“What actually interests me is to personalise Don’s music with the talent of my band members and deliver a different vision/approach. The sound is still in my head. I need to sit down and take the time to imagine the music. I am also considering including other people music like Count Ossie (Don D was going to the Wareika Hills to play drums with him) from an album called Tales Of Mozambique. Alex Wilson will be helping me to build a nice programme!”

Samuel Blaser photo, Alex Troesch.

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Vijay Iyer & Mike Ladd, Holding It Down: The Veterans’ Dreams Project, Pi

From 2013. This is a very compassionate and "real" album, and concentrates on stories that need telling over and over again. Drawing on the dreams and recollections of “veterans of colour” who fought in the wars in Iraq and Afghanistan it is the …

Published: 25 Dec 2019. Updated: 6 months.

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From 2013. This is a very compassionate and "real" album, and concentrates on stories that need telling over and over again. Drawing on the dreams and recollections of “veterans of colour” who fought in the wars in Iraq and Afghanistan it is the most considered and powerful of pianist Vijay Iyer and poet/MC/lyricist Mike Ladd’s work to date. Possibly not as caustic and challenging as 2003’s acclaimed In What Language, but more taut and at times moving, the piece was commissioned and premiered at Harlem Stage in New York.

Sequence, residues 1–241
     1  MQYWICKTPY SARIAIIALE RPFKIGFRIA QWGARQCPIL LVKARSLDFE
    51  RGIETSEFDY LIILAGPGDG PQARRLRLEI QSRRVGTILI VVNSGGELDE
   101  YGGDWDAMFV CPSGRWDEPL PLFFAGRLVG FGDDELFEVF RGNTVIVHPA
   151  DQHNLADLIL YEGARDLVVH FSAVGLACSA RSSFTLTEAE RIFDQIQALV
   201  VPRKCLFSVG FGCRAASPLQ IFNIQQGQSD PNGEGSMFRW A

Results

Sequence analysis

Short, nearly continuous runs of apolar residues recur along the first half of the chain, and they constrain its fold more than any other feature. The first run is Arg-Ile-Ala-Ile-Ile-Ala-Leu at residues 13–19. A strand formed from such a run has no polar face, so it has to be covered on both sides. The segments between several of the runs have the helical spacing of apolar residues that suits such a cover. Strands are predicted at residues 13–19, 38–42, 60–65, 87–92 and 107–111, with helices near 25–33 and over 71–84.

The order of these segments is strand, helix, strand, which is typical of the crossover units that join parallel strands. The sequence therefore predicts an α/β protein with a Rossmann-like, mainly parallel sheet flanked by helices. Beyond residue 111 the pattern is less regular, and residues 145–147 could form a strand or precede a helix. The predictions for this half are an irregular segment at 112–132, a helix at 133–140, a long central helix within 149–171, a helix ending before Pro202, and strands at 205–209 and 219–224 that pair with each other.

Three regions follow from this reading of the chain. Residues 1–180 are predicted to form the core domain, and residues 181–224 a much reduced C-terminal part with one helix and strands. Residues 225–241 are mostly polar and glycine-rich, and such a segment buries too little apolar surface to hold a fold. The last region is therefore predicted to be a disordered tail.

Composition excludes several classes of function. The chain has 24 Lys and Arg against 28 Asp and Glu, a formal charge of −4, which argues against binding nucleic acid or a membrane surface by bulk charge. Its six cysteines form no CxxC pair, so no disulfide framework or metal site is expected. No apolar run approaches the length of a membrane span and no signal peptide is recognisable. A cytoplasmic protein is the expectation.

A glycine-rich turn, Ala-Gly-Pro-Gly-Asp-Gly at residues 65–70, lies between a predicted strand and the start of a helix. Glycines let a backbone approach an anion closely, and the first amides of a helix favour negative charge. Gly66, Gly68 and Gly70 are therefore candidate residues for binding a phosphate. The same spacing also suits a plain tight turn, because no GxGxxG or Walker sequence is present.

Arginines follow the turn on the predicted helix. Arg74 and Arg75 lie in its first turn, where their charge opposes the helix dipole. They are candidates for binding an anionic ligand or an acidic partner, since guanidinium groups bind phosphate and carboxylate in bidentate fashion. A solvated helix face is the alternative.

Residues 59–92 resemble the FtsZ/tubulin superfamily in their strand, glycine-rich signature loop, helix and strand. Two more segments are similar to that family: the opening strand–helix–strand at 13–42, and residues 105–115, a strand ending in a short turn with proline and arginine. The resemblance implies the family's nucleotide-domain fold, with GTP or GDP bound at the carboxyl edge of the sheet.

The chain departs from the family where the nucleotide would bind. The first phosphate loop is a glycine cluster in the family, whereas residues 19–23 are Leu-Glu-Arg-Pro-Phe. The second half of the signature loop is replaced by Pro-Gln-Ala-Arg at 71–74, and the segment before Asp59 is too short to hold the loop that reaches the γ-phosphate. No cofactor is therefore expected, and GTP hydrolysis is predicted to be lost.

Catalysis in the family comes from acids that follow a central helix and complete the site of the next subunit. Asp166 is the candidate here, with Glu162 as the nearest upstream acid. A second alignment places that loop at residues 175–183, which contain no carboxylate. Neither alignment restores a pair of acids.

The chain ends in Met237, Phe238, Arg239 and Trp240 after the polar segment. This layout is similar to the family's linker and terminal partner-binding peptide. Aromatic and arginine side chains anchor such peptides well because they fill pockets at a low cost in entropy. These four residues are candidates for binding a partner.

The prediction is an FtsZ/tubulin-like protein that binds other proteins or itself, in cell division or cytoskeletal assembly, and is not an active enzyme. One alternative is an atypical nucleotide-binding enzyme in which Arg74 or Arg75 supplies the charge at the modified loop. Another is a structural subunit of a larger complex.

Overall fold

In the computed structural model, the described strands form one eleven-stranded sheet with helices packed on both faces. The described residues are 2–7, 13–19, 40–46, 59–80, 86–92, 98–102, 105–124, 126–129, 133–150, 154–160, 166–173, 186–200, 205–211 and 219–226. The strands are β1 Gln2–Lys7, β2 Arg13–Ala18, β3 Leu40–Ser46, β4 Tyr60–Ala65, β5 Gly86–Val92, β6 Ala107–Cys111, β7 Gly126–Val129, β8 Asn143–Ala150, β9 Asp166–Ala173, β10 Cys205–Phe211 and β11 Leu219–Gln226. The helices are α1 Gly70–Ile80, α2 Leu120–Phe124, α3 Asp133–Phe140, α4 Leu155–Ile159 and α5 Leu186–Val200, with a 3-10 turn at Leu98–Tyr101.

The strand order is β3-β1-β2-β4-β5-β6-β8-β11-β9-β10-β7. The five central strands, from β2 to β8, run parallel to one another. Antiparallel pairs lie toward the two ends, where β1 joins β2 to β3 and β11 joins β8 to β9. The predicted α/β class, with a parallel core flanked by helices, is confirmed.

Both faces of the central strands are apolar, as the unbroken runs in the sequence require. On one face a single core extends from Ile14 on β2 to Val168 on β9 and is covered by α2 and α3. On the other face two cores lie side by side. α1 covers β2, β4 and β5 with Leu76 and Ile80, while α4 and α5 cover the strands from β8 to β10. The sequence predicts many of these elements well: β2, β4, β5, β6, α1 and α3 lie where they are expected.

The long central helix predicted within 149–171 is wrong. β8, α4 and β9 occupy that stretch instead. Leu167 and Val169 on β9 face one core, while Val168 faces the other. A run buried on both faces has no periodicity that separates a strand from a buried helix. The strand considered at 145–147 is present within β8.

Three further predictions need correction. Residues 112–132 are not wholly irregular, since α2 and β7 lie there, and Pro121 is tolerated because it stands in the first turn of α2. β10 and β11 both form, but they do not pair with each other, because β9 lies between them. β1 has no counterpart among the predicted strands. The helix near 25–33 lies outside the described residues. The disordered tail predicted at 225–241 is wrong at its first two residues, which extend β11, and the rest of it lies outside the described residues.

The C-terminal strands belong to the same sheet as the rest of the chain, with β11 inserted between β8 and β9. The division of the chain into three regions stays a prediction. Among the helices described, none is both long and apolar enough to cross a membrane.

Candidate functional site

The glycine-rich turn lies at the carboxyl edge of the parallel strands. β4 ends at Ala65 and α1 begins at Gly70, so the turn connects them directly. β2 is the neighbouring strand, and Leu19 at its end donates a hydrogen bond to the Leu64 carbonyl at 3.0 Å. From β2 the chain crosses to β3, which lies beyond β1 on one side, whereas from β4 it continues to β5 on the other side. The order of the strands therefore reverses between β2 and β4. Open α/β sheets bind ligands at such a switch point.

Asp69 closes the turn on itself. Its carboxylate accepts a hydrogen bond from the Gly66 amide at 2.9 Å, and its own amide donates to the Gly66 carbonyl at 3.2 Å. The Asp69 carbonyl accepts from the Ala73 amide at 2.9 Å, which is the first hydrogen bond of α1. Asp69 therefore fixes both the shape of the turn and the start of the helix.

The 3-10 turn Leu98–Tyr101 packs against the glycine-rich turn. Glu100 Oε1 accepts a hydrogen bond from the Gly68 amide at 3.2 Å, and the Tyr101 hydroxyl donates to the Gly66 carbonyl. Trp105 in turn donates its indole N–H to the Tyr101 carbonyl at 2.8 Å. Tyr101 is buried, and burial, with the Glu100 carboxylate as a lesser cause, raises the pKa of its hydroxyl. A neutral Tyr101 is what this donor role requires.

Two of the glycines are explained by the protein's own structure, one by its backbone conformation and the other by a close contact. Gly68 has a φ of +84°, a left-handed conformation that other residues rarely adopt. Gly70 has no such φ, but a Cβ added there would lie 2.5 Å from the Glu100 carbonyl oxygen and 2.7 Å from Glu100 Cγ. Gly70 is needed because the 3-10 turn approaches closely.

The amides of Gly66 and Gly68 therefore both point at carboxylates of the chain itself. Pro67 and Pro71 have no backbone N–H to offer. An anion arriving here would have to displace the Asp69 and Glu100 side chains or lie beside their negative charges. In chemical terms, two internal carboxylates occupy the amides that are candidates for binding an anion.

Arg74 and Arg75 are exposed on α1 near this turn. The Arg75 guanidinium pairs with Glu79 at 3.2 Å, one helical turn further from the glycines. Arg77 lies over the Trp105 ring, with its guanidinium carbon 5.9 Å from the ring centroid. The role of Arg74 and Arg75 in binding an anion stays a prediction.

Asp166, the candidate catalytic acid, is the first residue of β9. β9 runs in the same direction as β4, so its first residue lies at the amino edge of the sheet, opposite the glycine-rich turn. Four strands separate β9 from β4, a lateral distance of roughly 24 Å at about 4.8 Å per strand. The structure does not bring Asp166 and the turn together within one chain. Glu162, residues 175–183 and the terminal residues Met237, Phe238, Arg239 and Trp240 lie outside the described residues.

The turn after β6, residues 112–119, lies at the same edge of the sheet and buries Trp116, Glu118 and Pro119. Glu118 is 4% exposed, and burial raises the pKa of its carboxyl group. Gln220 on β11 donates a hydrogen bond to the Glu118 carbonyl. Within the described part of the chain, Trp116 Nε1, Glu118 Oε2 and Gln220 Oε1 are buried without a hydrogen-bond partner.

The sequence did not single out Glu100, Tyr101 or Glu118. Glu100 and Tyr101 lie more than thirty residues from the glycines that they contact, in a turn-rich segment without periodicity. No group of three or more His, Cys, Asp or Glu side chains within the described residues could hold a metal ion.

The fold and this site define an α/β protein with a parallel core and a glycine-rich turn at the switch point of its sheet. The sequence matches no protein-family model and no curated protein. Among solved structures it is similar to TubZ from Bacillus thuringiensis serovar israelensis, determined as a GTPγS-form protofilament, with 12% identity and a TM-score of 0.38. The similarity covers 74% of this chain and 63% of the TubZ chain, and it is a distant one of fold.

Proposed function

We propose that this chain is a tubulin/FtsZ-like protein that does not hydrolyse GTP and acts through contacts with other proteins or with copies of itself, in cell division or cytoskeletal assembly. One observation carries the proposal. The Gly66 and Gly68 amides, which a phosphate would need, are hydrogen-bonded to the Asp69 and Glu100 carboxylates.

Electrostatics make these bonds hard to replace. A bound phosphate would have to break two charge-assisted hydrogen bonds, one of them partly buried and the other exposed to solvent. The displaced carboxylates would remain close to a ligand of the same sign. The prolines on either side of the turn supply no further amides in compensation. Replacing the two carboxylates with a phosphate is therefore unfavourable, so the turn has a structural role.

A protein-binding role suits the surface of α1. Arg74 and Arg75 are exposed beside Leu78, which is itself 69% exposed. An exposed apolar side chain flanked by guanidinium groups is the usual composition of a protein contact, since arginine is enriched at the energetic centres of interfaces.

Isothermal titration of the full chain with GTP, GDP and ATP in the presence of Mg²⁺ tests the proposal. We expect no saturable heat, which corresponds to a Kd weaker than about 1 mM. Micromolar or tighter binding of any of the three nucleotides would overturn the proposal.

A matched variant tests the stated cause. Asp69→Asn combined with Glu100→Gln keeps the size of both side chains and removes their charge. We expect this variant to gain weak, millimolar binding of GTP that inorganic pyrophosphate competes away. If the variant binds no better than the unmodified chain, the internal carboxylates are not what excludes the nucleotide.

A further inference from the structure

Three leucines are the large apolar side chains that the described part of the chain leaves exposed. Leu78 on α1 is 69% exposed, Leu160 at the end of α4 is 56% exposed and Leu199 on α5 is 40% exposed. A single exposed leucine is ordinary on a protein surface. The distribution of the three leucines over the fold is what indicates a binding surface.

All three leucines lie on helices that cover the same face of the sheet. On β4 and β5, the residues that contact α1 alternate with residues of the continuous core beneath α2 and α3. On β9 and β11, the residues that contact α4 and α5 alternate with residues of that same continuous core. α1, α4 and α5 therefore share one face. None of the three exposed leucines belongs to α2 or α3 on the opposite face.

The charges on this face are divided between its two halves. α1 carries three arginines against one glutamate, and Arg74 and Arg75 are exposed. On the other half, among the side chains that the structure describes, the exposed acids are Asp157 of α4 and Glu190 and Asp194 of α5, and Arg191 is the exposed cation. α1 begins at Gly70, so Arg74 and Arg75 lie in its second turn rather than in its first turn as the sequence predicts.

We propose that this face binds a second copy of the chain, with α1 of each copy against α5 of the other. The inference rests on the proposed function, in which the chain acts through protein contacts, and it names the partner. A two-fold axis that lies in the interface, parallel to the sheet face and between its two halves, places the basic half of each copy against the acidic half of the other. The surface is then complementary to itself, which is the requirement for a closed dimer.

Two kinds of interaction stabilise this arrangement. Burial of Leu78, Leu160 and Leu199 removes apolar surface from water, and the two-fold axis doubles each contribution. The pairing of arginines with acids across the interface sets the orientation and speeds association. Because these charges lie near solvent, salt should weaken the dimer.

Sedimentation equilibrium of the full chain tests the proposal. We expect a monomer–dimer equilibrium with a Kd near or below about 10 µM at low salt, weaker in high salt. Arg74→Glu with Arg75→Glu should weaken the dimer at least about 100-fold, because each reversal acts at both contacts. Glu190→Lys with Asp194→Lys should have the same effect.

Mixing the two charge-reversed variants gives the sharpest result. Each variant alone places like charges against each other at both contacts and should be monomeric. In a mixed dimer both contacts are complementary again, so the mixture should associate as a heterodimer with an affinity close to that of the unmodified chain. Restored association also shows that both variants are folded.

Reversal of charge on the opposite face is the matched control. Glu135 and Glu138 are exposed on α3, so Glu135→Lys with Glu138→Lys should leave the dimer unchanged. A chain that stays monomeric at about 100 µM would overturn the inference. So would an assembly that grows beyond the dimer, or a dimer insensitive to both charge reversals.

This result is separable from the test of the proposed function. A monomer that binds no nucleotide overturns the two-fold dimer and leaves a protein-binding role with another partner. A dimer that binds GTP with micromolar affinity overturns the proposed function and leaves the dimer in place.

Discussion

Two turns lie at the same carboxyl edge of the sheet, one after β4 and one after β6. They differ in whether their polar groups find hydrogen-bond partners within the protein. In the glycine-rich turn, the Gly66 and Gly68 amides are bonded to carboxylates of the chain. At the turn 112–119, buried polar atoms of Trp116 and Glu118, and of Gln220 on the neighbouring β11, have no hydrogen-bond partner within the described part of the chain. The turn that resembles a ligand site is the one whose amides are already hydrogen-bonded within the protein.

Ladd and theatre director Patricia McGregor interviewed veterans about what they actually want out of life, but also about how they deal in their quiet near-sleeping moments about the experiences that haunt them. So, in effect, the album is about trauma and conscience and the aftermath of war, the coming to terms with the horror of what all these veterans went through.

Recorded a few months before the live performance last autumn the written contributions and vocals of Maurice Decaul, who served with the Marines in Iraq, and Air Force servicewoman Lynn Hill, who piloted drones in Afghanistan from a far remote US base, are at the heart of an album powered by a band that includes hip-hop drummer Kassa Overall (also known for his work with Geri Allen), cellist Okkyung Lee, guitarist Liberty Ellman, and vocalist Guillermo E. Brown.

Ladd’s voice has a compelling authority to it throughout while Iyer, who has written all the music and also plays Fender and uses Ableton Live processing effects, is found in a very different context to his solo records as the structures are more like expansive well designed hip hop-friendly songs you'd hear on the radio with the improvising here and there peeking through on a track such as the affecting ‘Requiem for an Insomniac’. Lynn Hill’s role is vital and on a track such as ‘Capacity’ the anger boiling up explodes in one of the most hard-hitting tracks. It’s an album about "dreaming in colour" that the nightmare can end somehow and that ‘normalcy’ and peace can prevail; and yet that hope may well be in vain or at best remains unresolved. Clearly the healing has not yet begun. SG